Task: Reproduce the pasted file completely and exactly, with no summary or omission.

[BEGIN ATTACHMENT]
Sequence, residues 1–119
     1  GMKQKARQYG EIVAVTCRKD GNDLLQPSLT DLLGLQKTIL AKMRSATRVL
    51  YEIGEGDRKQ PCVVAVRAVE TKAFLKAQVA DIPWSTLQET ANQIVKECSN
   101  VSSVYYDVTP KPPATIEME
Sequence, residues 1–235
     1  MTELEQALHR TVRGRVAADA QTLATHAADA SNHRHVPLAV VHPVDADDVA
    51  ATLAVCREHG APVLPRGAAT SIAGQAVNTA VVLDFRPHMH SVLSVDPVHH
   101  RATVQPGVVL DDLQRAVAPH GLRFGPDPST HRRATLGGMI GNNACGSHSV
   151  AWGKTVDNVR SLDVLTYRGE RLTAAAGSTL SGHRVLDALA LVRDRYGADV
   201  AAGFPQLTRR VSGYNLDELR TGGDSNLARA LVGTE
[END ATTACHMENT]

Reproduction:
Sequence, residues 1–119
     1  GMKQKARQYG EIVAVTCRKD GNDLLQPSLT DLLGLQKTIL AKMRSATRVL
    51  YEIGEGDRKQ PCVVAVRAVE TKAFLKAQVA DIPWSTLQET ANQIVKECSN
   101  VSSVYYDVTP KPPATIEME
Sequence, residues 1–235
     1  MTELEQALHR TVRGRVAADA QTLATHAADA SNHRHVPLAV VHPVDADDVA
    51  ATLAVCREHG APVLPRGAAT SIAGQAVNTA VVLDFRPHMH SVLSVDPVHH
   101  RATVQPGVVL DDLQRAVAPH GLRFGPDPST HRRATLGGMI GNNACGSHSV
   151  AWGKTVDNVR SLDVLTYRGE RLTAAAGSTL SGHRVLDALA LVRDRYGADV
   201  AAGFPQLTRR VSGYNLDELR TGGDSNLARA LVGTE